FND Action advocate that ALL people diagnosed with Functional Neurological Disorder should have their health managed by a consistent primary health provider whilst symptomatic. This health provider should work with other clinicians and support workers to follow a collaborative care programme, and adhere to the Patient experience in adult NHS services Quality standard [QS15] 

When a person is diagnosed with a medical condition, it not only affects the person diagnosed but also those close to them. A partner or family member may become a carer, and other family members and friends may provide physical and emotional support. It is important that they are part of the collaborative care team. They can help to advocate, and support the person diagnosed. For example engage at doctor’s appointments, and help with medication management. It is important they receive support and guidance for themselves also. You can read further information on our Carer’s page.

Alternative Treatments

Some people have found symptom relief from exploring alternative treatments. Here is a selection you may like to consider, some of which may be available through the NHS. You can search the internet for websites which explain the treatment, how it may help, and what services are available in your area. It is recommended you consult a doctor if you are considering any alternative treatments.

Acupuncture is a therapeutic treatment that involves inserting thin needles in to the skin to stimulate nerves and muscle tissue.

Acupressure involves applying physical pressure on the body by the hand, elbow, and other appropriate devices.

Chiropractic involves using the hands to manipulate the spine, other joints, and soft tissues.

EFT (emotional freedom techniques), also called tapping, is a form of psychological acupuncture. It involves simple tapping techniques using the fingertips on different parts of the head and body.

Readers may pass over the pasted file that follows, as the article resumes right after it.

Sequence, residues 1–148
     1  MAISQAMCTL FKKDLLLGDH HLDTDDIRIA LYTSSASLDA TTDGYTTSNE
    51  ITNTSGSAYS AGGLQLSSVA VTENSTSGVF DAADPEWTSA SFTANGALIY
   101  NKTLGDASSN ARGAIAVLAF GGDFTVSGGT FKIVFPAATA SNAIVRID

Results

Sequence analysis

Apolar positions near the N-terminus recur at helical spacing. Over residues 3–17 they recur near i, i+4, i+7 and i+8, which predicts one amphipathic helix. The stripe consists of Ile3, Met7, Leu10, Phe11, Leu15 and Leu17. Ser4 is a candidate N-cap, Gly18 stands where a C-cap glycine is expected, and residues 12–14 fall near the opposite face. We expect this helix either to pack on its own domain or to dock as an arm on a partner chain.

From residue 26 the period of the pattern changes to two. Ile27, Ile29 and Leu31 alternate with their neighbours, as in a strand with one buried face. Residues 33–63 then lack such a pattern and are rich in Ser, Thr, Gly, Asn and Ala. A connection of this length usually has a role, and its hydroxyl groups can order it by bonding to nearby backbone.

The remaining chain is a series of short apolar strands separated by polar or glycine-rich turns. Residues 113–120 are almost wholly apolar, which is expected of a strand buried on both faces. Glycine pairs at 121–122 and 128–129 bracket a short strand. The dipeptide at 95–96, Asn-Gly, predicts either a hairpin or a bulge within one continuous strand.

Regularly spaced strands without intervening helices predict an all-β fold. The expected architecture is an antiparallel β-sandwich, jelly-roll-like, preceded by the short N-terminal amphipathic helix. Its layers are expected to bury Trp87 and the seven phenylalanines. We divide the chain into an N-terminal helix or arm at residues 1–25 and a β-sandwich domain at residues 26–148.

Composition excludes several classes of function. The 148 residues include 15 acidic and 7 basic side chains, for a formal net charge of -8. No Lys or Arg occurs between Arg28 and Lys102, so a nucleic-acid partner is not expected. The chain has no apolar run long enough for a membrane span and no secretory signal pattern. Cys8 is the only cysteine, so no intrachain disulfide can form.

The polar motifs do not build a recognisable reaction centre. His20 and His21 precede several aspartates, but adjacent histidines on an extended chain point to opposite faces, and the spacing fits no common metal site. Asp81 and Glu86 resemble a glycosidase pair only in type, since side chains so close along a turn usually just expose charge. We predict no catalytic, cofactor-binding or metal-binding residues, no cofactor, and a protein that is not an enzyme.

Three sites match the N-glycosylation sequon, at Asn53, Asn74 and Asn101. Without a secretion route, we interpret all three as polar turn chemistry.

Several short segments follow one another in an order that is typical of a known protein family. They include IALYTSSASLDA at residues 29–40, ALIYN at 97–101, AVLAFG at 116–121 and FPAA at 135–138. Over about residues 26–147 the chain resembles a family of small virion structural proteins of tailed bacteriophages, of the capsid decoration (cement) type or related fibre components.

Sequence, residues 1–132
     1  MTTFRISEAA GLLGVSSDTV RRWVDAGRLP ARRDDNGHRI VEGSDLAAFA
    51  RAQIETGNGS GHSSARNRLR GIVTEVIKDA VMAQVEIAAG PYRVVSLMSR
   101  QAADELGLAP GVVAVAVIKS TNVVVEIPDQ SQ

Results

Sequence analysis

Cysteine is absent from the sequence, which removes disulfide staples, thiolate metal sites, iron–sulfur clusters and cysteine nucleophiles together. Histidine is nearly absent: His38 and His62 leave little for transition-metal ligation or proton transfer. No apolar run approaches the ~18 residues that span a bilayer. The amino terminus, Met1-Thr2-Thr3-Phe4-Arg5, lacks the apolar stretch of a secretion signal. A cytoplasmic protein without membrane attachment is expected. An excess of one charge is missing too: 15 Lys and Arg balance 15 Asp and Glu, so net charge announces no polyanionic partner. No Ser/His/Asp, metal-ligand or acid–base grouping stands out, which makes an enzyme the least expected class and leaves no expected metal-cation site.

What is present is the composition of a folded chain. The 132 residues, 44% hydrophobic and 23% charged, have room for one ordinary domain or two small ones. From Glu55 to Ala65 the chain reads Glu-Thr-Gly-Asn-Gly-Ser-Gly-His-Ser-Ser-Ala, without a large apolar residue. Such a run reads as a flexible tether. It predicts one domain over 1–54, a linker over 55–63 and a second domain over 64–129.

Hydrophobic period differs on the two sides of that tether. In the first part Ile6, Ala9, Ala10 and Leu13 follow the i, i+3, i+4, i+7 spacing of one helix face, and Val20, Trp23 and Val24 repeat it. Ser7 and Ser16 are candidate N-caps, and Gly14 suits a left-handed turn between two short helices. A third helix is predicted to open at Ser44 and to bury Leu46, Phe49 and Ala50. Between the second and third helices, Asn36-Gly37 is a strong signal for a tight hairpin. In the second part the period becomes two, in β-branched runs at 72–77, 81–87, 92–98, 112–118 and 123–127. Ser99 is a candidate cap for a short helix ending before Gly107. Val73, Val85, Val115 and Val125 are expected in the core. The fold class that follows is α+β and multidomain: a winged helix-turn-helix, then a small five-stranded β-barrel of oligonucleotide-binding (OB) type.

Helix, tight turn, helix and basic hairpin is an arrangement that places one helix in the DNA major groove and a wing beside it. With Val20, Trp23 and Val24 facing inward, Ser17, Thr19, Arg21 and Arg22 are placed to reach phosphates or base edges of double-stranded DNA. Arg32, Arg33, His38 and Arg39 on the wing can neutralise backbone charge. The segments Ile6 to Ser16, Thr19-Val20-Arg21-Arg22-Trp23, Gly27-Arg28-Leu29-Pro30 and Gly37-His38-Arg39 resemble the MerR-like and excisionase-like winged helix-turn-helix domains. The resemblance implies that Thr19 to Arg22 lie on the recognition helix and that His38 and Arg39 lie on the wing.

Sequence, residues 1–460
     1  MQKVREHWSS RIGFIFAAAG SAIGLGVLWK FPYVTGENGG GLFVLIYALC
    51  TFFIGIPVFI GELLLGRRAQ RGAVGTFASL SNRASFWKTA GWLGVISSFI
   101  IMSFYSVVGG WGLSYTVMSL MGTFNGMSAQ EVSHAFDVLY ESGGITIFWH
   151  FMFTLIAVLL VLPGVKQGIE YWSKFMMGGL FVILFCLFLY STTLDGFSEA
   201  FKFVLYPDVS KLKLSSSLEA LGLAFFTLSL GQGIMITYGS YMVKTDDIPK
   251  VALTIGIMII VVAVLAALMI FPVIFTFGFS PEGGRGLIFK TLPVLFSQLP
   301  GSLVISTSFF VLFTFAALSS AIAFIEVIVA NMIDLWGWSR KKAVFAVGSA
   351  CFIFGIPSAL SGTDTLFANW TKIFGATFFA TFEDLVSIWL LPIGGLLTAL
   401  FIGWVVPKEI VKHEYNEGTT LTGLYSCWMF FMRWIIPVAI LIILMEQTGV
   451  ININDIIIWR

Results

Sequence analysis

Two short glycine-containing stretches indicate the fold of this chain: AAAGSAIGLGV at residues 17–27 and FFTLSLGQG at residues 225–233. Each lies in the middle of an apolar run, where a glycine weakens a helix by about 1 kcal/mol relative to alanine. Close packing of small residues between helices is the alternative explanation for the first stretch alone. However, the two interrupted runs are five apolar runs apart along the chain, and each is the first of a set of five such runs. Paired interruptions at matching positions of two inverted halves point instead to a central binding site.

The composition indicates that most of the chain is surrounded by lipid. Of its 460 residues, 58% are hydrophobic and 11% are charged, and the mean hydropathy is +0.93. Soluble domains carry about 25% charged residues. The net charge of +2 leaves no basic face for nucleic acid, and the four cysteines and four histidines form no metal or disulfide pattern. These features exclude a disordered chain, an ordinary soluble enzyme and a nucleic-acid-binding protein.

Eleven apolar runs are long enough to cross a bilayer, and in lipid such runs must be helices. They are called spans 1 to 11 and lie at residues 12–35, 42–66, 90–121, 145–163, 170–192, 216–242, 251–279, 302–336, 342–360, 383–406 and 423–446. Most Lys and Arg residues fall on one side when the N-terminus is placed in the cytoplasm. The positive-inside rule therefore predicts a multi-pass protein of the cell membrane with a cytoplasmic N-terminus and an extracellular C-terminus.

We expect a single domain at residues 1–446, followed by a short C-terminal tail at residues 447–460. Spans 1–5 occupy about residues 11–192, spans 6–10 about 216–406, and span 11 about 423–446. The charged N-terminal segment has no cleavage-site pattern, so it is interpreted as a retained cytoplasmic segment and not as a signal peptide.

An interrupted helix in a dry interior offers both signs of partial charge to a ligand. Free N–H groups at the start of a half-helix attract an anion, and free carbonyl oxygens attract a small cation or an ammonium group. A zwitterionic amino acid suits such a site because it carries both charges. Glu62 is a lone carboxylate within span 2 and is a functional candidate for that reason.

Herbal medicines are a type of dietary supplement using herbs and spices as an alternative/additional treatment option.

Hydrotherapy is a therapeutic treatment that involves exercise and movement in water.

Hyperbaric oxygen therapy involves breathing oxygen through a mask in a pressurised chamber.

Hypnotherapy is a complimentary therapy which uses verbal communication whilst a person is hypnotised, as in a state of deep relaxation. The power of positive suggestion can then be used to bring about a subconscious change to our thoughts, feelings and behaviour.

Music therapy has been reported in many studies to be good for our health, and in particular for managing chronic conditions and emotional health problems. This could involve listening to music, singing or playing an instrument.

Yoga is a holistic form of exercise involving posture and breathing.

Finally, bear in mind your body is like a car. To make it go it needs petrol and the right type of oil, and it needs to be used regularly so the parts don’t seize up or stop working. Here are some document downloads that may help get you started in considering your self-care, exercise and diet.

Self-care Starter Kit (The Blurt Foundation)

Doing Sport Differently (Disability Rights UK)

The Eatwell Guide (Public Health England)

The FNDS has been set up by worldwide leading specialists, to bring together medical professionals who treat people who are diagnosed with functional neurological symptoms.

For further information, and details on how to sign up, please visit https://www.fndsociety.org